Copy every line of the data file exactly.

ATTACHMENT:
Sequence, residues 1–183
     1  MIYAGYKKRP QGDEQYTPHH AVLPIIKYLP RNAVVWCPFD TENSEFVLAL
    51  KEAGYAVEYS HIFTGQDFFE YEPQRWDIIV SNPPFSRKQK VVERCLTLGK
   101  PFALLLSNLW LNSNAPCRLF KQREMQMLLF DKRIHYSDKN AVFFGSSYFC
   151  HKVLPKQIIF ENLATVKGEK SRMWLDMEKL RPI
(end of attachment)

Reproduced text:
Sequence, residues 1–183
     1  MIYAGYKKRP QGDEQYTPHH AVLPIIKYLP RNAVVWCPFD TENSEFVLAL
    51  KEAGYAVEYS HIFTGQDFFE YEPQRWDIIV SNPPFSRKQK VVERCLTLGK
   101  PFALLLSNLW LNSNAPCRLF KQREMQMLLF DKRIHYSDKN AVFFGSSYFC
   151  HKVLPKQIIF ENLATVKGEK SRMWLDMEKL RPI